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IAPSO Standard Seawater: definition of the uncertainty in the calibration procedure, and stability of recent batches

By S. Bacon, F. Culkin, N. Higgs and P. Ridout

Abstract

Standard seawater (SSW) has been employed by oceanographers as a reference material in the determination<br/>of salinity for over a century. In all that time, this is the first study to determine the uncertainty<br/>of the SSW manufacturing process. SSW is calibrated in reference to carefully prepared solutions of<br/>potassium chloride (KCl). All uncertainties in the preparation and measurement of KCl solutions and of<br/>new SSW are calculated. The expanded uncertainty of the SSW conductivity ratio is found to be 1 105,<br/>based on a coverage factor of 2, at the time of manufacture. There is no discernible “within batch”<br/>variability. No significant variability of quality within or between batches of KCl is found. Measurement of<br/>SSW “offsets” from the label conductivity ratio as long as 5 yr after the SSW batch manufacture are<br/>reported, and no significant change in label conductivity ratio for SSW batches P130 through P144 outside<br/>the expanded uncertainty of 1 105 is found. This last result is in contrast to some other studies, and<br/>herein are suggestions as to why this may be the case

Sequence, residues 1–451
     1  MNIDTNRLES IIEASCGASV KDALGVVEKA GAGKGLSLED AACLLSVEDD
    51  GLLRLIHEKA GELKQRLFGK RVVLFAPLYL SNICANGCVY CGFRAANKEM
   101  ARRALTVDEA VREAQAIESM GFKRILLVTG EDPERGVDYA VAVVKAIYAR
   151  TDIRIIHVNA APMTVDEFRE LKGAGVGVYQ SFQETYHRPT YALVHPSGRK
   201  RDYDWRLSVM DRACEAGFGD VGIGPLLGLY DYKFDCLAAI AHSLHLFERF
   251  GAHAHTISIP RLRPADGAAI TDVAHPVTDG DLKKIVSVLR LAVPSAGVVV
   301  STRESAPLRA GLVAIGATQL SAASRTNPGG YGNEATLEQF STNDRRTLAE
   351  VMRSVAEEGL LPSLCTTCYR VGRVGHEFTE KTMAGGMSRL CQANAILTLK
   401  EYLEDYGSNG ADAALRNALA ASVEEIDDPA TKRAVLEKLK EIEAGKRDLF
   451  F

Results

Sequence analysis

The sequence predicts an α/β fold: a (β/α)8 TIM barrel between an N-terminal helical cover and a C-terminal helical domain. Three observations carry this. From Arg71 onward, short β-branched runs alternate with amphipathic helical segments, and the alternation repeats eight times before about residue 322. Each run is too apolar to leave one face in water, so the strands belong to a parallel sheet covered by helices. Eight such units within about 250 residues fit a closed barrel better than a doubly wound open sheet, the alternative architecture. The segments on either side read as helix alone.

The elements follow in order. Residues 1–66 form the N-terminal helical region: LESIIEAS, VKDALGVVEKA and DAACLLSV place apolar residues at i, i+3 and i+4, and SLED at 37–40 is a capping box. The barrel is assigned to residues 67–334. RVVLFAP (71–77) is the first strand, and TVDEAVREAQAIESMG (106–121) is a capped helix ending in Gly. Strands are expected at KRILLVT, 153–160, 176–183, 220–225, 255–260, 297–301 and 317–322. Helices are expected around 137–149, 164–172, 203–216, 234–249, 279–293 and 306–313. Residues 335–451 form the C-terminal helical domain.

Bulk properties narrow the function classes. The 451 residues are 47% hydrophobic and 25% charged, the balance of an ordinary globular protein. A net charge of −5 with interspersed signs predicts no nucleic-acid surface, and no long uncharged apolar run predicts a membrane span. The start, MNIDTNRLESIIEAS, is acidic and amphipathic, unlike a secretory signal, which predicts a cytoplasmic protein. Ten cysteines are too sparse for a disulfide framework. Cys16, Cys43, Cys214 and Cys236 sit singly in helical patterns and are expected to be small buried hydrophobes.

Topics: QD, GC
Year: 2007
OAI identifier: oai:eprints.soton.ac.uk:49294
Provided by: e-Prints Soton
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